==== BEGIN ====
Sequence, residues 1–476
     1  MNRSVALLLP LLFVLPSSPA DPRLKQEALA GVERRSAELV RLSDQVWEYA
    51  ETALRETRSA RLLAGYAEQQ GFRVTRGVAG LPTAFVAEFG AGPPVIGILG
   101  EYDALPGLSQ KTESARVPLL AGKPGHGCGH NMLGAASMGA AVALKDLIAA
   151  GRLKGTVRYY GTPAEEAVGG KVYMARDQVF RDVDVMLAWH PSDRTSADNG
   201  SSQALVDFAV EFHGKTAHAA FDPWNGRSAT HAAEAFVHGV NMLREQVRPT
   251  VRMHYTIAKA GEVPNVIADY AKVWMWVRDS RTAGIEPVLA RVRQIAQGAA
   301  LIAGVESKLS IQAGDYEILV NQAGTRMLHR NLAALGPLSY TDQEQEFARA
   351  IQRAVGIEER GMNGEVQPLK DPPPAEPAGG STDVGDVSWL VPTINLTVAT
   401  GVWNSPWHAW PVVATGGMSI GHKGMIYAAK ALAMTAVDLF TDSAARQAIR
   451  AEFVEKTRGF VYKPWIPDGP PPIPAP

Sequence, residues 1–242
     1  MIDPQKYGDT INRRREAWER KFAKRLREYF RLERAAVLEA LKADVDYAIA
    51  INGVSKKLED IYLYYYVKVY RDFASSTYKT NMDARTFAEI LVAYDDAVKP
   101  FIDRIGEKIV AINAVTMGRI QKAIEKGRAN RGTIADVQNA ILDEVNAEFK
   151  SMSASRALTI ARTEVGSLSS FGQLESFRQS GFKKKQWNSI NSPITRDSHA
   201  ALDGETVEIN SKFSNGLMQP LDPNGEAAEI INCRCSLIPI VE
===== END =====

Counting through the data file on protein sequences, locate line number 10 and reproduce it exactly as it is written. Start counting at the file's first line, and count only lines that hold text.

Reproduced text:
   401  GVWNSPWHAW PVVATGGMSI GHKGMIYAAK ALAMTAVDLF TDSAARQAIR